Posted in Cooking, Dinner, Food, Home Cooked Food, recipe with tags , , , on May 17, 2010 by helenphillips

What’s this? A food post? It’s been a while, but it’s about time this blog returned to it’s roots. Unsurprisingly, moving across the Atlantic has taken over everything. My cookbooks and kitchen equipment are all in a container waiting to be shipped across the ocean, so I’ve been pretty much sticking to well known recipes. But today I fancied something different. The sun has made a comeback to Minnesota, so something summery for dinner was called for. We had roast chicken for dinner yesterday, so the other requirement was to use some of the leftovers. Beth at Jam and Clotted Cream blogged a fantastic looking Lemon Carbonara a few days back, which obviously planted some seeds in my mind, and I was fancying pasta. I don’t often do pasta with chicken, as it usually means a creamy sauce, and I’m not a huge fan. My husband is even awkwarder, and doesn’t do cream or cheese! I also had some asparagus, which always goes nicely with chicken. I’m going to leave quantities to viewer discretion, as I didn’t measure anything as I threw in ingredients, so please, adjust to your own tastes!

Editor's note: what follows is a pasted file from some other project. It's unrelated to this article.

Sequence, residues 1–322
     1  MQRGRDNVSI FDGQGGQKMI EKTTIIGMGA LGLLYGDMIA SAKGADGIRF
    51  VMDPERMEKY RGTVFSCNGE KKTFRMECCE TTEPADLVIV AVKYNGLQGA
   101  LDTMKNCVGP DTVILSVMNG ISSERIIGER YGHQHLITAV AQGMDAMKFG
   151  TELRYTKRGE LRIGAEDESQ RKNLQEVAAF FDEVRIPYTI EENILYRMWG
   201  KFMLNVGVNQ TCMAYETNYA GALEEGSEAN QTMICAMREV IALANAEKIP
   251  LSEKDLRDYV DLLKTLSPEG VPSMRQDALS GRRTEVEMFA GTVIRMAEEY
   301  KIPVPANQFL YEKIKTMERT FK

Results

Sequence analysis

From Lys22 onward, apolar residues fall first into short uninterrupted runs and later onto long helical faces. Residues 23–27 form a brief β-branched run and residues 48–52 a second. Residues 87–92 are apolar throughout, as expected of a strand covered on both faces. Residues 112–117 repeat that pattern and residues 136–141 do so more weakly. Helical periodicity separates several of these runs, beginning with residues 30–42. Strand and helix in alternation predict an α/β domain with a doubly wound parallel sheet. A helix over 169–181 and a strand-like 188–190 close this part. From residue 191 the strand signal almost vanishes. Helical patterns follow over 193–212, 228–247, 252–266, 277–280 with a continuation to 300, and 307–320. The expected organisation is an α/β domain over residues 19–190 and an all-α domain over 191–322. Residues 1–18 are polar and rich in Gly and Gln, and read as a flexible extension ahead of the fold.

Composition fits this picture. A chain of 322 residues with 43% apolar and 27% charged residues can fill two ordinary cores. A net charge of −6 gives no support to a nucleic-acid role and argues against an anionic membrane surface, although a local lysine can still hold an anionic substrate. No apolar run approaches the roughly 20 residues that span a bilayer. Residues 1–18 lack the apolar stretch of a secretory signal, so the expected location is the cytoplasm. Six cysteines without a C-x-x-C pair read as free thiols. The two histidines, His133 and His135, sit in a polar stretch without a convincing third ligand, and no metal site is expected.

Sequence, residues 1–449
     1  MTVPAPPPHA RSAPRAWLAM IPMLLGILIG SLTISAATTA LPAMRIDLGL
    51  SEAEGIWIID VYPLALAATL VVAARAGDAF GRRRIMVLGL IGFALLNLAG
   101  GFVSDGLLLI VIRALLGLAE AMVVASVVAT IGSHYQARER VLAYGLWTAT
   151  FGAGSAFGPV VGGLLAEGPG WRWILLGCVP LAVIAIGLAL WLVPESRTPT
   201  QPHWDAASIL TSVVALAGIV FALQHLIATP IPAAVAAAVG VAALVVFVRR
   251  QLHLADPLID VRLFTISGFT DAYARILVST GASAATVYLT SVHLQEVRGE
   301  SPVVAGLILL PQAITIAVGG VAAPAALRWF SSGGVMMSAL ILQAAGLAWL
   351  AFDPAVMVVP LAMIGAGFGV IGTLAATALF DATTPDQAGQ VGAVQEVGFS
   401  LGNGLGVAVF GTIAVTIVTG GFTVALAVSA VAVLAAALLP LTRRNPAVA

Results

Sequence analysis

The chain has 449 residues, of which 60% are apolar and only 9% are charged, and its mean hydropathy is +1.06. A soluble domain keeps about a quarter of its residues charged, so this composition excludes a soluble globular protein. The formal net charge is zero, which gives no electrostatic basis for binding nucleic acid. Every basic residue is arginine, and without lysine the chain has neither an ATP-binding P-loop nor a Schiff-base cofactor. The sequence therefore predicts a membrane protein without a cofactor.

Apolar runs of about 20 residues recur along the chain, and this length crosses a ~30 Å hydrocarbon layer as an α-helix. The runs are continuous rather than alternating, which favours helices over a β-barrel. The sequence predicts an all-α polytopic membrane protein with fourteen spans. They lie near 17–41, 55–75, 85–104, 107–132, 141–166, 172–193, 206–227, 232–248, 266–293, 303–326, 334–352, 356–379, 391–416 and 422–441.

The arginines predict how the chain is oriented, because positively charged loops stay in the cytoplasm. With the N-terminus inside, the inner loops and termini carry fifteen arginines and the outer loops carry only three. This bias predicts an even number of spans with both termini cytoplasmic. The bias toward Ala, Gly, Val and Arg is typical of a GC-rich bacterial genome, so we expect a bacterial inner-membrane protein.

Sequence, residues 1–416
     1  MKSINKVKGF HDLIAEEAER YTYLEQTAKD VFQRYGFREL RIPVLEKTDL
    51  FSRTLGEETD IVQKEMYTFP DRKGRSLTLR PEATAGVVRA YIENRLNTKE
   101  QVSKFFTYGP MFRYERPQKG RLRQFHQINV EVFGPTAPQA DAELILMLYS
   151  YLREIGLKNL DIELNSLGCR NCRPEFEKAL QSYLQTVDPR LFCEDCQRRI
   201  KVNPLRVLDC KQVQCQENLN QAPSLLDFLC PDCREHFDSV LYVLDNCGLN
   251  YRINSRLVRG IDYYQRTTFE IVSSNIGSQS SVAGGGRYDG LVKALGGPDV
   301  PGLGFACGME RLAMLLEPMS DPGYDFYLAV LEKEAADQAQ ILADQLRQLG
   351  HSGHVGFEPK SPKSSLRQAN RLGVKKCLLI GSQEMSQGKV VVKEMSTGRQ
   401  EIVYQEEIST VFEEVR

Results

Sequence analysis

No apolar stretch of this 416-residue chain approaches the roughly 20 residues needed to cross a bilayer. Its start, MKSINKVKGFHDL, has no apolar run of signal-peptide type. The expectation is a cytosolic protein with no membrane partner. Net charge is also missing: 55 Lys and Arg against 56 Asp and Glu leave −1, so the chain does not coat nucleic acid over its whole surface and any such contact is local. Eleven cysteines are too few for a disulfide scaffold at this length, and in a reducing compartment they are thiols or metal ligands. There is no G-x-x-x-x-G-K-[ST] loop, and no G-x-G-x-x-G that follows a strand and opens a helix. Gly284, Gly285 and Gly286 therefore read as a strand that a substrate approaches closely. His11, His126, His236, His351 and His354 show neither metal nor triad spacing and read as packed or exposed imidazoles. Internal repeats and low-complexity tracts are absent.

First off, I pre-cooked the asparagus. I would have steamed it, but my lovely silicone steamer basket is in the aforementioned container, so they were boiled.

The other ingredients included sliced onion, and sliced mushrooms, which were sautéed until soft. The next additions were a jalapeño pepper (which actually failed to give the dish any heat), and garlic. These were followed by halved cherry tomatoes (to make the sauce a bit juicier), and then basil and seasoning.

The final additions to the sauce were the cooked chicken and asparagus. The pasta only took 5 minutes to cook, so just enough to make sure the final ingredients were heated right through.